I do try to take screen breaks and a proper lunch break, made easier by the fact that I only have to take two steps to be in my garden in the sunshine – the weather has made this whole situation more bearable!
I do put the computer away at weekends – much to my son’s disappointment as it means no more eating off trays in front of the telly!
Was a pro – now a con
For the first few weeks I didn’t wear my contacts or make-up (the joy of fuzzy video calls is that no one notices), and I wore jeans everyday – heaven!
However, I’ve found myself reaching for the foundation and mascara over the last week or so, and today I’ve even made the effort to put contacts in. Why? Simply to make me feel better; I’m fed up with looking in the mirror all the time to see a non-made up face staring back at me.
I’m also apparently not alone in ordering a couple of new tops – a spokesperson for Boohoo told the BBC that sales of tops have gone up as people want to look smart on video calls.
Basically, going into the office gives you the excuse to spend time on looking your best, and I’ve realised, vain as it sounds, that I need that.
I’m still wearing jeans everyday though – that will never wear off!
Was a con – now a pro
I admit that, at the beginning, I was concerned about virtual communication.
Coincidentally, in the months before COVID-19, the whole business had migrated over to Office 365. Little did we know how much easier this would make our new home-working lives.
We’d all been encouraged to use Teams, a virtual hub for teamwork, as an alternative to email, but sitting on the same bank of desks meant we didn’t use it to its full potential.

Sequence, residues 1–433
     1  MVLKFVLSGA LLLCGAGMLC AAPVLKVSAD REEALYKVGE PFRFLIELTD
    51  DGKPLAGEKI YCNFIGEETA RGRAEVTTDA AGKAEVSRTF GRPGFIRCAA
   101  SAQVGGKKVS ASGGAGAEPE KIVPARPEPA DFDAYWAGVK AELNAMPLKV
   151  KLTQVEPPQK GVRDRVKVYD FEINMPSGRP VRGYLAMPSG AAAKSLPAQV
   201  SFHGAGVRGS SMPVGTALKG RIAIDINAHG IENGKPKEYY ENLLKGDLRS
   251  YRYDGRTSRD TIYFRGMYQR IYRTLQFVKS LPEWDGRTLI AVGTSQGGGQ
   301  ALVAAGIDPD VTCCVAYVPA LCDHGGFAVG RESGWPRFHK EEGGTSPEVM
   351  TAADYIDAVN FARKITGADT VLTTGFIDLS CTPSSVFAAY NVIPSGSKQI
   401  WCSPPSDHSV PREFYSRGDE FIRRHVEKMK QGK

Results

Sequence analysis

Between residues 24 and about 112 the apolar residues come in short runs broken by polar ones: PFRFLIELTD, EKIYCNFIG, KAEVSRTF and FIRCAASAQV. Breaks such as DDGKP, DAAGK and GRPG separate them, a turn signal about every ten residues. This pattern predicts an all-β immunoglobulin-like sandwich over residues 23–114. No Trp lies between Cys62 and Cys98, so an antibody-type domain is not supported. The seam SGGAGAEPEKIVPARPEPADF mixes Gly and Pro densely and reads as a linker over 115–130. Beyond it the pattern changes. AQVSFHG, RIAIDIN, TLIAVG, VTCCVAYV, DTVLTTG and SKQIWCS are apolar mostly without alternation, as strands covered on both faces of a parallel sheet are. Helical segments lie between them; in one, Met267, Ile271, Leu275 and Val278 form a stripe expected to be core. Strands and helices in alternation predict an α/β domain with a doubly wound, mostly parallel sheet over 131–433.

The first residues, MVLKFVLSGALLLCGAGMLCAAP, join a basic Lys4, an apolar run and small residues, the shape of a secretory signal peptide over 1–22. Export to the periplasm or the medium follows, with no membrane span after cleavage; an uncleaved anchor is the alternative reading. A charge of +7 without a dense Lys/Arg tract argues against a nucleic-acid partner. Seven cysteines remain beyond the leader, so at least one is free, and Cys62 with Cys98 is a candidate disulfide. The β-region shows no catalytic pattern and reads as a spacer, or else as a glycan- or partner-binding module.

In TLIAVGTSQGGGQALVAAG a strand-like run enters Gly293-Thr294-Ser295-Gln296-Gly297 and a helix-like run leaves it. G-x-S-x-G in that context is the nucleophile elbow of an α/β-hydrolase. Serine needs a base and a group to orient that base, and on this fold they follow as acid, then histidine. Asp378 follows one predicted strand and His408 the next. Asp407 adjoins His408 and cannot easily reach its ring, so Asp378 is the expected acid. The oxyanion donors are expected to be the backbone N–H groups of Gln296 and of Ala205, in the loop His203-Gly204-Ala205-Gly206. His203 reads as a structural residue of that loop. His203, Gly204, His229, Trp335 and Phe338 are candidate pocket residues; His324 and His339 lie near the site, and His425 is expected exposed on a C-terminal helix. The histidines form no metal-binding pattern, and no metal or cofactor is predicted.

That all changed when we switched to home working. We use it for instant messaging, whether in team group chats or individually, plus video calls, which is where its real value lies.
Every morning my team can come together in a virtual face-to-face environment to catch up, plan the day ahead and just have a bit of human interaction.
It’s been a godsend, and undoubtably something we’ll continue to use if home working continues post-COVID-19.
So that brings me back to the original question: Will COVID-19 result in a permanent shift towards home working? I think the answer is yes.
Home working won’t be a barrier anymore, it will become an acceptable alternative which businesses and individuals can embrace with the confidence that it does work.
But, taking into consideration all of the above, would I want to carry on working from home full-time? No-way – I can’t wait for that first day back when I can put make-up on and not have to ask myself “What’s the point?”, drop my son off at school, drive to work in my car, catch up with people from other departments over the water fountain, have those silly team chats that pop up throughout the day when you least expect them, and, when I get home, eat dinner at my dining table.
One or two days a week? No problem!
WE WANT TO KNOW WHAT YOU THINK
How about you? Take our poll and let us know if you’d be happy to keep working from home.